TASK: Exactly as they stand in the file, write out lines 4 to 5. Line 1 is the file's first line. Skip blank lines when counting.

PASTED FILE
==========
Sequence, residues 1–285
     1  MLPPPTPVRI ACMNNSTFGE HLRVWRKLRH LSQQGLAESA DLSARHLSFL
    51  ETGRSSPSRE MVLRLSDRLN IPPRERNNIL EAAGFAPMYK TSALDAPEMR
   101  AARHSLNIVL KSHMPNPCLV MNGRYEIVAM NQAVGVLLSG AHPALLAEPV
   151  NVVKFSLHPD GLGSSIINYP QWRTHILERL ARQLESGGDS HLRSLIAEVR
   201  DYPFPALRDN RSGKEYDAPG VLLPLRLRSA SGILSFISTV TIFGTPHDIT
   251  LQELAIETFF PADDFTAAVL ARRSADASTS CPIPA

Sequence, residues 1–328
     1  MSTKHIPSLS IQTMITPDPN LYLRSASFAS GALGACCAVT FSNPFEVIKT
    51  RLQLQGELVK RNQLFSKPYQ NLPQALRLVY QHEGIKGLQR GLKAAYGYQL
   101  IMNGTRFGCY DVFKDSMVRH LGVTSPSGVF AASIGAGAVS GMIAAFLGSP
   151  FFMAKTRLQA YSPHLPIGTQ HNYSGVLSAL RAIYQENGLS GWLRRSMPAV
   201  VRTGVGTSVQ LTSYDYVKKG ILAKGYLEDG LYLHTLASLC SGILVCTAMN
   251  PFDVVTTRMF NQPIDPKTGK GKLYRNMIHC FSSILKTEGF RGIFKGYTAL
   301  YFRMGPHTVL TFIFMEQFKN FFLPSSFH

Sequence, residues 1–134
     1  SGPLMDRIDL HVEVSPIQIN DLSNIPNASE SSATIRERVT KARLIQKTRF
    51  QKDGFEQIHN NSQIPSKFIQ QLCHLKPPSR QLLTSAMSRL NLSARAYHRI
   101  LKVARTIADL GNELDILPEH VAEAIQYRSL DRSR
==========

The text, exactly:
   101  AARHSLNIVL KSHMPNPCLV MNGRYEIVAM NQAVGVLLSG AHPALLAEPV
   151  NVVKFSLHPD GLGSSIINYP QWRTHILERL ARQLESGGDS HLRSLIAEVR